“What we try to do is sell plastic credits to big FMCGs to fund the deployment of collection methods in these countries. That way we can stop so much plastic going to waste,” he adds.
Through PlaNet Solutions, Geocycle is proud to support Nestlé Mexico on the path towards becoming the first plastic neutral company in the country.
Geocycle collects and sorts plastic waste on behalf of PlaNet Solutions partners such as Nestlé. Recyclable materials are channelled towards the recycling industry, whilst non-recyclable plastics are managed safely and effectively co-processed.
Nestlé is committed to a waste-free future where none of its post-consumer packaging, including plastics, ends up in landfills or oceans. As such, they have chosen Geocycle as a partner in Latin America to achieve this ambitious target.
In Costa Rica, meanwhile, the partnership has resulted in the first local industrial-scale sorting station to divert packaging waste from the biggest landfill in the country.
“We have commissioned a sorting station in Costa Rica, serving Nestlé and achieving plastic and packaging neutrality. We sort waste plastics out of municipal waste, recycle and recover them,” Pieters says.
“On top of our phenomenal waste management expertise, Geocycle has the innovative drive required to provide novel solutions in a future-oriented way”Axel Pieters, CEO, Geocycle
Geocycle is currently working on 325 projects worldwide, investing over one billion CHF in installations, innovations and operations.
In Morocco, Geocycle recently launched the country’s first municipal solid waste (MSW) pre-processing platform, expected to play a significant role in professionalising the Moroccan MSW sector.
By safely managing MSW at this one-of-a-kind platform, established near the Rabat landfill in the Moroccan capital, Geocycle will help to reduce greenhouse gas emissions and contribute to a circular economy in the country.
“We have installed a platform where we can dry and reuse municipal waste using innovative drying technologies,” shares Pieters.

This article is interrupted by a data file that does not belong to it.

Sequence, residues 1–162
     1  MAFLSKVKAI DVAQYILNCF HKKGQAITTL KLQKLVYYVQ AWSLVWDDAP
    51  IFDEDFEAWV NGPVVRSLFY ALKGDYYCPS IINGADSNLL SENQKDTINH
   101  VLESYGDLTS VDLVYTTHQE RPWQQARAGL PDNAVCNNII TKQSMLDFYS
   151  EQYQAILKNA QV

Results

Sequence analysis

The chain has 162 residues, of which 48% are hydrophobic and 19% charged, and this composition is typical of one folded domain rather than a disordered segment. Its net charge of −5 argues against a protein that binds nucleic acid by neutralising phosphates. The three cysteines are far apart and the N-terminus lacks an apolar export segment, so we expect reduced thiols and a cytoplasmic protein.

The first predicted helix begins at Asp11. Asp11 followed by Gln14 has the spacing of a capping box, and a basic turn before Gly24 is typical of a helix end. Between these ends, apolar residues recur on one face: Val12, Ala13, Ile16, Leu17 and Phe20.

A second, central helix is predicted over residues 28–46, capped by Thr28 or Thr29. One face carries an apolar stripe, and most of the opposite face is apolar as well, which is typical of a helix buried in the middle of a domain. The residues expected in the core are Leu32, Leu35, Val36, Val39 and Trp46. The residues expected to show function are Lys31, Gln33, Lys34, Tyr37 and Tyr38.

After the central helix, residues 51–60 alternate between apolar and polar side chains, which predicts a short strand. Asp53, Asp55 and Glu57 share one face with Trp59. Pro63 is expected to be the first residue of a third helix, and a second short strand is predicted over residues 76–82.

“In China, we also have a very interesting operation where we take all the municipal waste from the city of Wuhan and use drying columns to dry the waste, so we are quite innovative when it comes to developing drying technologies.”
With a track record of regulatory compliance, high health and safety standards, and open and transparent communication with stakeholders, Geocycle considers itself to be an integral part of the communities it serves.
The company contributes to economic development around its plants by creating local jobs in the waste management and treatment sector for disadvantaged communities, collaborating where possible with the likes of rag pickers, farmers and waste collectors.
“We always try to empower local communities and the poorest of the poor, in our case the rag pickers on landfills,” Pieters emphasises.
“We have even developed a smartphone app where we can create value for those working on landfills. We ask them to give us non-recyclable plastics, and in return we give them a payment through the app.”
Geocycle also works with farm associations in the north of India, incentivising farmers to collect their agricultural waste. In doing so, farmers are provided with an avenue to manage their post harvest agricultural waste safely. Not only is this an alternative source of income for farmers, but it also helps Geocycle support the decarbonisation of the cement industry.
It all adds up to Geocycle’s ambitious future plans which consist of doubling the amount of plastic waste that it recovers as well as sustainably managing close to 24 million tonnes of all types of waste by 2030. “Today, we deal with 12 million tonnes of waste every year, but we have huge ambitions. We are really passionate about doing this, and through incentives such as plastic credits we should be able to achieve this,” acclaims Pieters.
With these tangible contributions, Geocycle is bringing society a step closer to a zero-waste future.